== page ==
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?Till the injurious Roman did extort
This tribute from us, we were free. Cæsar's ambition,
Which swell'd so much that it did almost tretch
The sides o'th' world, against all colour, here
Did put the yoke upon's; which to thake off,
Becomes a warlike people, which we reckon
Ourselves to be. We do. Say then tò Cæsar,
Our ancestor was that Malmutius which
Ordain'd our laws, whose use the sword of Cæfar
Hath too muchmangled; whose repair and franchide
Shall, by the power we hold, be our good deed,
Though Rome be therefore angry: Malmutius made

our laws,
Who was the first of Britain which did put
His brows within a golden crown, and callid
Himself a King

Luc. l'ın forry, Cyınbeline,
That I am to pronounce Augustus Cæfar,
Cæfar, that hath more kings his fervants than
Thyself domestic officers, thine enemy.
Receive it from me then. War and confufion'
In Cæsar's pame pronounce I 'gainst thee : look
For fury not to be resisted. Thus defy'd,
I thank thee for myself.

Cym. Thou’rt welcome, Caius. Thy Cæsar knighted me; my youth I spent Much under hiin: of him I gather'd honour, Which he to seek of me again, perforce Behoves me keep at utterance t. I am perfect, That the Pannonians and Dalınatians for Their liberties are now in arms : a precedent Which not to read, would Niew the Britons cold: So Cæsar shall not find them.

Luc. Let proof speak.

Clot. His Majesty bids you welcome. Make pa ftime with us a day or two, or longer : if you seek us afterwards on other terms, you shall find us in our salt-water girdle; if you beat us out of it, it is yours ; if you fall in the adventure, our crows thall fare the better for you; and there's an end

+ That is, at my extremelt peril. Revisali

1

Luc. So, Sir.
Cym. I know your master's pleasure, and he mine:
All the remain is, welcome.

[Exeiunt.

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SC E N E II.

Enter Pifanio, reading a letter.
Pis. How? of adultery? wherefore write you not:
What monsters her accuse? Leonatus!
Oh master, what a strange infection
Is fall’n into thy ear? what false Italian,
As pois’nous tongu'd as handed t, hath prevaild -
On thy ton-ready hearing!-Dilloyal? no,
She's punili'd for her truth, and undergoes
More goddess-like than wife-like, such allaults
As would take in some virue. Oh, my master!!
Thy mind to her is now as low as were
Thy fortunes. How? that I Nould murder her?
Upon the love and truth and vows.which I
Have made to thy command !-1, her !-her blood
If it be fo to do good fervice, never
Let me be counted serviceable.—How look I,
That I should seem to lack bumanity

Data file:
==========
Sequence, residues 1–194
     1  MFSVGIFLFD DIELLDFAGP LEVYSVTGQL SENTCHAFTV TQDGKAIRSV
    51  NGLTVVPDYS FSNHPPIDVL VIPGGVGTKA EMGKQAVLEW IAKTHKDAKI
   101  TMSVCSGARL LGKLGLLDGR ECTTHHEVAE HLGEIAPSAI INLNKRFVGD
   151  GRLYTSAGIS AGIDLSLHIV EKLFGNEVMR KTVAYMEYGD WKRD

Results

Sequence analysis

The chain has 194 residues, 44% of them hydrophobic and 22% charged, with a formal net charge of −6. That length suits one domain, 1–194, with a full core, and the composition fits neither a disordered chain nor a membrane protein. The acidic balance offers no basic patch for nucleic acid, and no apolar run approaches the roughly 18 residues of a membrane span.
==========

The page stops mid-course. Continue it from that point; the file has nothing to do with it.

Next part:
So much as this fact comes to? Dit the letter
That I have sent frer by her own command, [Reading,
Shall give thee opportunity:-

-Damned paper!
Black as the ink that's on thee: fenfelets bauble!!
Art thou a fcedarie for this at, and look'st.
So virgin-like without? Lo, here the comess,

Enter Imogen..
I'm ignorant in what I am commanded

Inin. How now, Pisanio?
Pil. Madam, here is a letter from my Lord.

Inio. Who! thy Lord ? that is iny Lord Leonatuse
Oh, learn'd indeed were that aftrologer
Thar knew the stars as I his characters :
He'd lay the future open.--You good Gods,

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Love's

To th? To ti Tell me Tinh How That

Why

+ About Shakespeare's time the practice of poisoning was very common in It:ly, and the lufpicion of Italian poisons yet more common. Johnson...

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Let what is here contain’d relish of love,
of my Lord's health, of his content;-(yet not
That we two are alunder ;-let that grieve hiin!
Some griefs are medicinable; that is one of them,
For it doth physic love *);-of his content,
All but in that. Good wax, thy leave. · Bless'd be
You bees, that makes these locks of counfel! Lovers
And men in dang’rous bonds pray not alike.

Though forfeitures you cast in prison, yet
You clasp young Cupid's tables. Good news, gods!

Reading.] Fustice and your father's wrat', should he take me in his dominion, could not be lo cruel to nie, as you, oh the dearest of creatures, would even renew me with your eyes. Take notice ihat I am in Cambria, at Milford-haven: what your own love will out of this advise you, follow. So he wishes you all happiness, that remains loyal to his vow, and your increasing in t love.